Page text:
When you hear words “Healthy lifestyle” what comes to mind? Exercise and all of those healthy things we put in our body: nutritious food, pure water, and good quality supplements.
How about what we use on our precious skin? You might have some nasty surprises exploring content of your makeup, cosmetics and skincare!
But why are the ingredients of these products so important? It all hinges around how the skin functions.
Under our skin
Our skin prevents heat loss, acts as a shock absorber and a protective shield for the body.
Human dermis also has an impressive ability to absorb substances from its surface, directly into the bloodstream (1). Skin is the third major absorption organ after the gastrointestinal tract and lungs.
This knowledge is not new. People in ancient Egypt, Rome, Babylon and other old civilisations knew about this unique ability. As far back as 1500BC there is evidence of aromatic herbal baths, creams, and concoctions being used to enhance health and natural beauty.
The results of a recent study published in the American Journal of Public Health (2) proved that ancient wisdom. The study showed that skin absorbed 64% of compounds found in tap water.
Another good example of dermal absorption was demonstrated in Journal of Occupational Health: Cotinines (3) [toxic nicotine derivatives] were found in the urine of non-smoking tobacco farmers in Malaysia who were handling wet tobacco leaves (4).
The research above underlines importance of understanding epidermal function, and being aware of the toxin content of cosmetics or skincare products. For example triclosan in deodorants, toluene in nail polish and butylated hydroxyanisole in fragrances.
Hence, the choice of the personal care products we apply to our treasured skin is very important.
Throughout the centuries both men and women have always invested a great deal of time and effort in looking good. Our skin has always had a major role in our appearance; Skin believed to be a mirror of an individual’s inner health.
Unfortunately the majority of modern make-up and skin care products, which most people use on a daily basis, contain several potentially harmful substances.
There is a growing body of opinion that many of these chemicals are toxic. There is also mounting evidence that some of these artificial additives may cause serious diseases and health problems.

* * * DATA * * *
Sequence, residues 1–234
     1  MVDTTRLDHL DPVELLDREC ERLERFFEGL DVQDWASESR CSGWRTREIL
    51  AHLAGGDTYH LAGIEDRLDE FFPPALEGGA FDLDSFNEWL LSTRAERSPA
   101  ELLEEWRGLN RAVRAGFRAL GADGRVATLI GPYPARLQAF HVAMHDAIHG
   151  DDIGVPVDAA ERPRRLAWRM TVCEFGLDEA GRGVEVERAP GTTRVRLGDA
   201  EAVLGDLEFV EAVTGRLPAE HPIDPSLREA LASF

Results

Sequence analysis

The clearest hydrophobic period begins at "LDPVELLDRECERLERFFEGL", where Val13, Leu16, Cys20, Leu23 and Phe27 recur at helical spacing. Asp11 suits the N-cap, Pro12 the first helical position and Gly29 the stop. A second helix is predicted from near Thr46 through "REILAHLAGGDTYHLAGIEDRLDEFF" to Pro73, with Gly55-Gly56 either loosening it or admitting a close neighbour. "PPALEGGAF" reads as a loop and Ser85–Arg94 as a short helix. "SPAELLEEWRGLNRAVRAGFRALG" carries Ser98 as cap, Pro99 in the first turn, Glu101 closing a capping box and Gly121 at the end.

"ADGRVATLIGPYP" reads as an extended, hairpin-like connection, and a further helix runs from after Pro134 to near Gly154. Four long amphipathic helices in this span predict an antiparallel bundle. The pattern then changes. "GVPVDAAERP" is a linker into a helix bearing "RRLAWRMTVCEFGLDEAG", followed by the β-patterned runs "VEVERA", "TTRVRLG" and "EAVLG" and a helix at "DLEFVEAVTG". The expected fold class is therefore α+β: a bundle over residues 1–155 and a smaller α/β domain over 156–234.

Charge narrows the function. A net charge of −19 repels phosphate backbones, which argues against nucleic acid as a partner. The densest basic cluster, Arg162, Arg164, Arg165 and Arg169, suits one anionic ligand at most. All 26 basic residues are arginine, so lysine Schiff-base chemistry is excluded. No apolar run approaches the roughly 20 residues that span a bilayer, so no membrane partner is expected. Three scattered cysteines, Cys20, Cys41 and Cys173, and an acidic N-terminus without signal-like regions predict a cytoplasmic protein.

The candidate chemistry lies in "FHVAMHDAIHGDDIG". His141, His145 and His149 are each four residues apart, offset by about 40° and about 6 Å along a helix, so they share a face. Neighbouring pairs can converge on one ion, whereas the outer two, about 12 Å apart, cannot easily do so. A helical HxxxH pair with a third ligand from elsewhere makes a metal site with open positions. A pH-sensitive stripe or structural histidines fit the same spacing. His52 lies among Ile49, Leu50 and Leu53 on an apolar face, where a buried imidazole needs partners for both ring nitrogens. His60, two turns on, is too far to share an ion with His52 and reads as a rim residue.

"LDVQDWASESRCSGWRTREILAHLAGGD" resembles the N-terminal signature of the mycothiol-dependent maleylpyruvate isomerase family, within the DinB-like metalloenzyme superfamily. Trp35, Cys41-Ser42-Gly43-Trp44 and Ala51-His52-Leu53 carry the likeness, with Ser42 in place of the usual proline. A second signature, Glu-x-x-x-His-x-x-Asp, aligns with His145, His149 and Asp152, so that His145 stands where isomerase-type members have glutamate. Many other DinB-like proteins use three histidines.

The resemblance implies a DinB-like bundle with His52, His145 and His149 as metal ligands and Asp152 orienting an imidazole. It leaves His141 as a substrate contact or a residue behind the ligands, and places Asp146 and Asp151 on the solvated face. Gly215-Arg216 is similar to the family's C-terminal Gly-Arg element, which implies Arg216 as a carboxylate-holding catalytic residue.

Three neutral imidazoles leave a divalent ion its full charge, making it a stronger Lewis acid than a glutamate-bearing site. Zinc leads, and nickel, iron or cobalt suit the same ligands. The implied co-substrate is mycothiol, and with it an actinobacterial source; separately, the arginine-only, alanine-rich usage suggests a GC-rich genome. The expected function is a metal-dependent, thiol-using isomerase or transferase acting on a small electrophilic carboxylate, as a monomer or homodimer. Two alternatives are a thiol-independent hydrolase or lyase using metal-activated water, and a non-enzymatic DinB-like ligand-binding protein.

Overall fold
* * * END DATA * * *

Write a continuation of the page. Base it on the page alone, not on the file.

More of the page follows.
Some studies suggest that particular toxic ingredients found in cosmetics are linked to preterm births, low birth weight and hormonal disruptions, and are damaging DNA (5) (6) (7) (8)
Many young people start using makeup & skincare early, which raises concerns over the effects of any harmful content. Toxins are particularly damaging to the vulnerable developing body.
In March 2013`The Telegraph` published an article “Are we dying to be beautiful?” discussing the dangers of toxic ingredients widely used in makeup. Yet so many men & women are still using toxic personal care products, which may negatively impact their own health. On average women apply 168 chemicals to their skin daily! (9) .
Help is at hand
By using natural make up products you can nourish your skin and cherish your health. It is essential to be mindful of the ingredients in the body care products you choose, as virtually everything you put on your skin will end up inside your body.
So don’t forget to check contents of your personal care collection. It might be time for you to switch to more gentle, healthy and natural products.
At Health Matters London we stock a wide range of natural, healthy cosmetics and skincare. We would be happy to advise you should you drop into the shop, or call us on 020 8441 8335.
2. H S Brown, D R Bishop, and C A Rowan. The role of skin absorption as a route of exposure for volatile organic compounds (VOCs) in drinking water. American Journal of Public Health May 1984: Vol. 74, No. 5, pp. 479-484
3. A cotinine is toxic alkaloid present in tobacco and also is a metabolite of nicotine. Cotinine used as a reliable biomarker of direct nicotine exposure directly or due to environmental tobacco smoke (passive smoking).
4. Onuki, M., Yokoyama, K., Kimura, K., Sato, H., Nordin, R.B., Naing, L., Morita, Y., Sakai, T., Kobayashi, Y. & Araki, S. (2003). Assessment of urinary cotinine as a marker of nicotine absorption from tobacco leaves: a study on tobacco farmers in Malaysia. Journal of Occupational Health 45, 140–145
5. EWG (The Environmental Working Group); nonprofit environmental research organization in Washington
6. Savage JH1, Matsui EC, Wood RA, Keet CA. Urinary levels of triclosan and parabens are associated with aeroallergen and food sensitization.
7. Darbre PD1, Aljarrah A, Miller WR, Coldham NG, Sauer MJ, Pope GS. Concentrations of parabens in human breast tumours.
8. Erika S. Koeppe, Kelly K. Ferguson, Justin A. Colacino, John D. Meeker. Relationship between urinary triclosan and paraben concentrations and serum thyroid measures in NHANES 2007–2008
9. The Guardian. Not so pretty: women apply an average of 168 chemicals every day; 30 April 2015